Sod or turf is grass and the part of the soil beneath it held together by the roots, or a piece of thin material.
The term "sod" may be used to mean grass grown and cut specifically for the establishment of lawns. However, in British English and in Irish English such material is more usually known as turf, and the word "sod" is limited mainly to agricultural senses (for example for turf when ploughed), or avoided altogether, due to the alternative offensive meaning of the word "sod".
Sod (or turf) for lawns is grown on specialist farms. It is usually grown locally to avoid long transport and drying out and heat buildup of the product. It is sold to landscapers, home builders or home owners who use it to establish a lawn quickly and avoid soil erosion. The farms that produce this grass may have many varieties of grass grown in one location to best suit the consumer's use and preference of appearance. It is usually harvested 10 to 18 months after planting, depending on the growing climate. On the farm it undergoes fertilization, frequent watering, frequent mowing and subsequent vacuuming to remove the clippings. It is harvested using specialized equipment, precision cut to standardized sizes. Sod is typically harvested in small square slabs, rolled rectangles, or large 4-foot-wide (1.2 m) rolls. Some large sod farms may export internationally. Because of the product's short life after harvest, the sod may be washed clean of the soil down to the bare roots (or sprigs) which makes shipping lighter and cheaper. Sod can be used to repair a small area of lawn that has died.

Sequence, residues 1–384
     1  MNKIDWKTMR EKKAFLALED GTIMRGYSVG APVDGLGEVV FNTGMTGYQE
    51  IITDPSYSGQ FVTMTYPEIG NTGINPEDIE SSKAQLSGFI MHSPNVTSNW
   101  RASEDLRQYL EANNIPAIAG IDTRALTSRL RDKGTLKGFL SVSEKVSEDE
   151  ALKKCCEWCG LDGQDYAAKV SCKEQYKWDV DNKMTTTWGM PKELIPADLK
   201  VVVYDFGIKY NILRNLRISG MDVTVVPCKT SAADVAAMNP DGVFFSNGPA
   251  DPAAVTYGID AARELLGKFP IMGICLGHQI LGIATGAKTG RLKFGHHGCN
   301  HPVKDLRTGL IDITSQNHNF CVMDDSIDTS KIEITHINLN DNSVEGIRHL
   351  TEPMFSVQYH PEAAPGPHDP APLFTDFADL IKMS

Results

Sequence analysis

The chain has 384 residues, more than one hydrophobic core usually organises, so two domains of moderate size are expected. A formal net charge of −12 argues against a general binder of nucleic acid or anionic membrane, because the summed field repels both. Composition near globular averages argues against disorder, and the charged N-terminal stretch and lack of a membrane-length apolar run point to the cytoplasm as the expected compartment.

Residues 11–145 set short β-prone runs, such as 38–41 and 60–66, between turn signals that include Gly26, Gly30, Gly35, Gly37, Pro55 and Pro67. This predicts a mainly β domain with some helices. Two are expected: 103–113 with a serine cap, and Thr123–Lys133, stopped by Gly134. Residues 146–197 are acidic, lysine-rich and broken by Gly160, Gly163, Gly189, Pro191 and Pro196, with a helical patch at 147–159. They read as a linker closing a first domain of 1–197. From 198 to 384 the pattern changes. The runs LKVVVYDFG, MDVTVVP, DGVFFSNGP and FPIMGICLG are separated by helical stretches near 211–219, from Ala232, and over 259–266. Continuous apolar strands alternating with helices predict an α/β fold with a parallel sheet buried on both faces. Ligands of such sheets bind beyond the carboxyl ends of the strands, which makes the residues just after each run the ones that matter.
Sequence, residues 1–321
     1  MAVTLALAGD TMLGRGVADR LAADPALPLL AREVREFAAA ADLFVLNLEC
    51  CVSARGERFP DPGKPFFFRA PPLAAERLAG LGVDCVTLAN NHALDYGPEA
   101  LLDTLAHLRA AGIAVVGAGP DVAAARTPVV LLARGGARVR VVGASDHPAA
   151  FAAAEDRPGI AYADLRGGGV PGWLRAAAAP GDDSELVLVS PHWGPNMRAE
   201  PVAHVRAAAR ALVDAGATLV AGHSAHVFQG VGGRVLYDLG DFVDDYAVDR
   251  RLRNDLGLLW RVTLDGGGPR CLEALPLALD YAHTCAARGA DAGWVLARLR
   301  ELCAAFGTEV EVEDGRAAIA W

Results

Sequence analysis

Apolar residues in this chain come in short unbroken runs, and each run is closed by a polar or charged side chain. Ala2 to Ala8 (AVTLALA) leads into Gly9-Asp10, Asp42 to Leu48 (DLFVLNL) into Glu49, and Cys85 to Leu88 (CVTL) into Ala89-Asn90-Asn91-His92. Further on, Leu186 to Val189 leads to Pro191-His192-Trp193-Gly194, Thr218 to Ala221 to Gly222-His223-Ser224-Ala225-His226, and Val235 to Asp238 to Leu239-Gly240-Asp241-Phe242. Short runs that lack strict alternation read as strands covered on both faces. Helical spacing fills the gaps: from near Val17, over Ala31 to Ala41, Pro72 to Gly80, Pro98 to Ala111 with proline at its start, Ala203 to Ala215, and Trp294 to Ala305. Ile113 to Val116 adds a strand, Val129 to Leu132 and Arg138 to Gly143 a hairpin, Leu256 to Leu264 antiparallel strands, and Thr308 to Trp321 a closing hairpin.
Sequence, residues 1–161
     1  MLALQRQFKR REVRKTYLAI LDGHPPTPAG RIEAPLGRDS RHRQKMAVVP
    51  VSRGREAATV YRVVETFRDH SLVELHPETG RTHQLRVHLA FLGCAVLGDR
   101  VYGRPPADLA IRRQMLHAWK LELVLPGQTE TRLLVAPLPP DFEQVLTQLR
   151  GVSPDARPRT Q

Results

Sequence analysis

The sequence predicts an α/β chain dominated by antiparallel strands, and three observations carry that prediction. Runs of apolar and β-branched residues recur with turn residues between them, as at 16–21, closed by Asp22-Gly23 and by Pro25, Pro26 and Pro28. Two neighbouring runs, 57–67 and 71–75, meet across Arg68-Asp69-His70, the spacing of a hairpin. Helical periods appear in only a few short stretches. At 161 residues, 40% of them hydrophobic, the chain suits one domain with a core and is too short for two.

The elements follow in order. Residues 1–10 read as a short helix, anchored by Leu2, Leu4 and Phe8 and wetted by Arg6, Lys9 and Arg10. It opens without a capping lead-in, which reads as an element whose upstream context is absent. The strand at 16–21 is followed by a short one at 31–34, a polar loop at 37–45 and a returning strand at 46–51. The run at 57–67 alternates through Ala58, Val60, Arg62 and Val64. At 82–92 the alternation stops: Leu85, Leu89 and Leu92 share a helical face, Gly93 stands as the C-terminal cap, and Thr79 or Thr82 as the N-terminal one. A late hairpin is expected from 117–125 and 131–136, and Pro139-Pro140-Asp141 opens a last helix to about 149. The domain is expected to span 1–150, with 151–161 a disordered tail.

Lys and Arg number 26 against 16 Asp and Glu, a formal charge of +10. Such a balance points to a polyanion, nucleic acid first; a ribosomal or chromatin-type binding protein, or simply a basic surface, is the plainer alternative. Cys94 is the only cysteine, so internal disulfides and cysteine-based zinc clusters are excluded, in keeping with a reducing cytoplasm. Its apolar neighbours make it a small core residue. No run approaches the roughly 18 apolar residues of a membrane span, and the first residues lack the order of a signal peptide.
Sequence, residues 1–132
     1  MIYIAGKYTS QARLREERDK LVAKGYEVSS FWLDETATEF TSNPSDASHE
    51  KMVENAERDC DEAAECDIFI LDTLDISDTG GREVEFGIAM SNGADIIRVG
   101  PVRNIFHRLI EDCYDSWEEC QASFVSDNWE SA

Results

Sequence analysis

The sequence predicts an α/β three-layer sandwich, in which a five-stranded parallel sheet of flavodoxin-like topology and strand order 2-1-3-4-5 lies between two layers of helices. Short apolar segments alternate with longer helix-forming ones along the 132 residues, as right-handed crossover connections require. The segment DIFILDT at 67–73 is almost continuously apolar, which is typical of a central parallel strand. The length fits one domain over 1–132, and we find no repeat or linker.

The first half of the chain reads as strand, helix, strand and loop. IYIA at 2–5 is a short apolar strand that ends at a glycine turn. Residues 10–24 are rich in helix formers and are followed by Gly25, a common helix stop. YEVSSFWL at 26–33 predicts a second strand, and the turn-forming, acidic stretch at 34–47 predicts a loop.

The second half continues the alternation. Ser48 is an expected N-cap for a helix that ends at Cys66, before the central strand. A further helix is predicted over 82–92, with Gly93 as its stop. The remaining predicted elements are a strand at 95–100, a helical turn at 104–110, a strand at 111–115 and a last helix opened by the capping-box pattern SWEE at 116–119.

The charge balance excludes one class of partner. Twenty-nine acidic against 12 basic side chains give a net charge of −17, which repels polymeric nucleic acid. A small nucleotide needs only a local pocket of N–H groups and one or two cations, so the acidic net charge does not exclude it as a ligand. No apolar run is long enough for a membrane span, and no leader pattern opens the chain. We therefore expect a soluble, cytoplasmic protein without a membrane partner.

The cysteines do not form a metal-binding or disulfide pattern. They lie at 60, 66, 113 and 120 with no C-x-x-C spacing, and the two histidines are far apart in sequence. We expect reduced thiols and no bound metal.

Read more about Sod: Sodding Versus Seeding
Famous quotes containing the word sod:
“Lay me a green sod under my head,
And another at my feet;
And lay my bent bow at my side,
Which was my music sweet;
And make my grave of gravel and green,
Which is most right and meet.”
—Unknown. Robin Hoods Death (l. 6570)
“There grew pied wind-flowers and violets,
Daisies, those pearld Arcturi of the earth,
The constellated flower that never sets;
Faint oxlips; tender bluebells at whose birth
The sod scarce heaved; and that tall flower that wets
Its mothers face with heaven-collected tears,
When the low wind, its playmates voice, it hears.”
—Percy Bysshe Shelley (17921822)
“The symbol of perpetual youth, the grass-blade, like a long green ribbon, streams from the sod into the summer, checked indeed by the frost, but anon pushing on again, lifting its spear of last years hay with the fresh life below. It grows as steadily as the rill oozes out of the ground.... So our human life but dies down to its root, and still puts forth its green blade to eternity.”
—Henry David Thoreau (18171862)